Date of this Version
Schultz, Carson J; Caven, Andrew J, "Lined Snake (Tropidoclonion lineatum) Prescribed Fire Mortality" (2021). Transactions of the Nebraska Academy of Sciences and Affiliated Societies, 41, pp 42–45.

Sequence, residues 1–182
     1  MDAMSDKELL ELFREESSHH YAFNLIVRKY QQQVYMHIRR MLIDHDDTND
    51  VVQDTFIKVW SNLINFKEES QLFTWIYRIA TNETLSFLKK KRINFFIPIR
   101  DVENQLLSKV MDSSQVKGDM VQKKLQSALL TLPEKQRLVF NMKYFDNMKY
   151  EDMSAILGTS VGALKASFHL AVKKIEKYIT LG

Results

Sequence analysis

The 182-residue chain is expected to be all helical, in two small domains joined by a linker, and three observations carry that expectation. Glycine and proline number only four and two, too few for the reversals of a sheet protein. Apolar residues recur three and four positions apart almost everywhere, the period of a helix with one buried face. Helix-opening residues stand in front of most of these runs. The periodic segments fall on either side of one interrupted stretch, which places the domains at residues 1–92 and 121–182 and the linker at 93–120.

Functioning prairie ecosystems are characterized by periodic and cyclical disturbances (e.g., grazing, drought, fire, etc.). Grazing and fire were historically widespread drivers of habitat structure. Many native species are adapted to fire and rely on the diverse habitats it maintains in a range of successional states. Wildlife mortality is an inevitable result of many prescribed fires and various species of small terrestrial vertebrates with limited dispersal abilities are most commonly affected. Herein, we report on the detected mortality of an individual Lined Snake (Tropidoclonion lineatum) after a prescribed burn along a lowland tallgrass prairie - wet meadow ecotone in South Central Nebraska. Little information exists on this topic as our record is only the second published observation of T. lineatum mortality resulting from a prescribed burn to our knowledge. Land managers can limit the negative impacts of prescribed fire on native species of conservation concern by considering their natural histories during the planning process.